Angelo Leo aims for a fresh start in a new division against Nicolas Polanco
New beginnings, which include a new weight class, await Angelo Leo.
After winning a world title belt at junior featherweight, Leo begins a journey of conquering another title belt, this time at 126 pounds.
First, Leo must defeat Nicolas Polanco tonight at the Whitesands (ProBox TV) Events Center in Plant City, Florida. The 10-round bout will precede the main event bout between welterweights Janelson Figueroa and Alberto Palmetta.
Both fights will stream live on the ProBox TV app and YouTube channel (8 p.m. ET/ 5 p.m. PT).
At Tuesday’s weigh-in, both fighters stopped the scales at 125.4 pounds.
Leo (21-1, 10 knockouts), who is originally from Albuquerque, New Mexico and now lives and trains in Las Vegas, Nevada, has not fought since June 2019, defeating Aaron Alameda of Mexico by unanimous decision.
The 29-year-old was promoted by Mayweather Promotions, but Leo decided to wait out his contract, which expired in December of 2022. Since then, he signed a promotional deal with ProBox TV, which promised him to keep him active, something he has wanted.
“I was frustrated, but I knew there was a light at the end of the tunnel,” Leo told The Ring Sunday night. “I did need to take a break, but I’ve still remained active in the gym. I was sparring Shakur Stevenson and Nonito Donaire, so I’m not going to have any ring rust going into this fight on Wednesday.”
Leo will face Polanco (20-4-1 1 NC, 11 KOs), a fringe contender from the Dominican Republic. Polanco fought to a no-contest in his last bout on June 10 after an accidental clash of heads caused Polanco to become disoriented that prevented him from continuing fighting.
Tonight will be Leo’s debut at 126 pounds. A regional title belt and a top 15 ranking by the WBA will be on the line. Leo hopes to make a statement at the expense of Polanco and land a significant fight against the top featherweights in the division in 2024.
“I want to put the featherweight division on notice,” said Leo, who is still trained by his father and trains out of Fight Capital Gym. “I’m coming for that world title and want to fight the best in the division. There’s a lot of great fighters in that division. I could make for exciting fights against them, especially against (IBF world titleholder) ‘Venado’ Lopez and (WBA world titleholder) Leigh Wood.”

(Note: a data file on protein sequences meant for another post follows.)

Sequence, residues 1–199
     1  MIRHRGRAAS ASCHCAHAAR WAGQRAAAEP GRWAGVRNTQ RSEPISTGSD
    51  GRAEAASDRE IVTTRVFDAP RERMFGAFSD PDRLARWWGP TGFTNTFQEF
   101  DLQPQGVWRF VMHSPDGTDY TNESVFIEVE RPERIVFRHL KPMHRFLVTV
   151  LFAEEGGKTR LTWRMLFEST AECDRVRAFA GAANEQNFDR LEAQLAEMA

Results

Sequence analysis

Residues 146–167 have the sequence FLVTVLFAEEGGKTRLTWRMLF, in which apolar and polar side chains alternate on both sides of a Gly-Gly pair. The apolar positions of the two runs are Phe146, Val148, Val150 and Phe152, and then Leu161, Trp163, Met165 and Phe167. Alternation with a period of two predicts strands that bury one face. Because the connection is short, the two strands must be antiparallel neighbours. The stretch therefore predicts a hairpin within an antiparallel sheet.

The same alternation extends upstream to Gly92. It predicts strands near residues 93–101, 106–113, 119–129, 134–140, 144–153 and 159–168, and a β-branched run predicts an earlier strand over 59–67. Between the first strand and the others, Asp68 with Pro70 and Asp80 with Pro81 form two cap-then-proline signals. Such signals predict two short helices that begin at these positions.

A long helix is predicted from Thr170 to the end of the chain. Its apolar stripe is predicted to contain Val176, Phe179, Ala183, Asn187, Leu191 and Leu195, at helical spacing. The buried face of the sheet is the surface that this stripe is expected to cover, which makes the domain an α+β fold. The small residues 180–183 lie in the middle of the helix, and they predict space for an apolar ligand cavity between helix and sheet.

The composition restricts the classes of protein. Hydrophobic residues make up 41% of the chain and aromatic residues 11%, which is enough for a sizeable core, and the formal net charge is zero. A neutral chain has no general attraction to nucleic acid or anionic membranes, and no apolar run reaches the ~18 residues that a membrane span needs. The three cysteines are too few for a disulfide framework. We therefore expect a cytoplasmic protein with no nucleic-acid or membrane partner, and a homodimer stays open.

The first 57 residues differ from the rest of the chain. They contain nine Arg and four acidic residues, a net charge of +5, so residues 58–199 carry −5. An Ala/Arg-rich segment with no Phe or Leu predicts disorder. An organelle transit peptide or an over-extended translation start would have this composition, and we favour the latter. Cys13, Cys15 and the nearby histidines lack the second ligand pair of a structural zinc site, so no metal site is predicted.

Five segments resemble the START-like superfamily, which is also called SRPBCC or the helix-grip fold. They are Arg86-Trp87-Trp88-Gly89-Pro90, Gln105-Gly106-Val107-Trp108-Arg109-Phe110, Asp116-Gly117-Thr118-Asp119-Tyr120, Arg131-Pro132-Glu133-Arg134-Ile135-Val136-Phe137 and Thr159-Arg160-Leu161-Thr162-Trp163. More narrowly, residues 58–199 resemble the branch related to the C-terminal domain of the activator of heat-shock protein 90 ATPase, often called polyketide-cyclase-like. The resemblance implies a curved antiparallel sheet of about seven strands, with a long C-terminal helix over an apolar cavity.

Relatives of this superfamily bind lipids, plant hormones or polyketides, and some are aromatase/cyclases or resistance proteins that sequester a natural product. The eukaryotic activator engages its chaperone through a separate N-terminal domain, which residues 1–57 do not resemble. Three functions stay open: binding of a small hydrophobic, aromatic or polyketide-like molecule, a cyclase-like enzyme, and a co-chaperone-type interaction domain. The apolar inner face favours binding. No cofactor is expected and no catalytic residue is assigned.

Throughout the years, Leo has developed his skill-set and acclimated to whom he faces. Leo has demonstrated he can box or brawl when he fought at 122 pounds.
Now that he is fighting at featherweight, and the talent he could face next year, Leo has made subtle changes to his style that can bring out the best in him.
“I could adapt to any style,” said Leo. “I’ve shown when I need to box, I can outbox my opponent. When I need to apply pressure, I can do that as well. I can bring the action to a fight when I need to.
“People label me a pressure fighter and that’s fine. Within the last year though, I’ve worked on setting up my punches. I’ve ended up hurting some of my sparring partners. I’ve worked on counter-punching. I know I can still box and can land the cleaner punches. I’ve also worked on timing, as well.
Leo won the vacant WBO world junior featherweight title in August 2020, defeating Tramaine Williams by unanimous decision. Leo would then make his first title defense against Stephen Fulton, whom he would lose to by unanimous decision almost six months later.
Less than five months later, Leo would defeat Alameda, but has not fought since.
Leo took lessons from the loss to Fulton that have made him a better fighter. Now that he has a new promoter and is fighting on a new platform, Leo is confident he can return to the elite of a division and challenge for a world title.
“I learned a lot in the loss to Fulton. I need to be more mature in how I go about a training camp.I need to take advantage of listening to those who know more about the sport. In the Fulton fight, I was not involved in any of the planning. Now, I’ve added a nutritionist and a strength and conditioning coach.
“I’ve learned a lot about myself. I feel I’m a more-complete fighter and I can move forward on a new journey to the top of the featherweight division.”
Francisco A. Salazar has written for The Ring since October 2013 and has covered boxing in Southern California and abroad since 2000. Francisco also covers boxing for the Ventura County (California) Star newspaper. He can be reached at [email protected]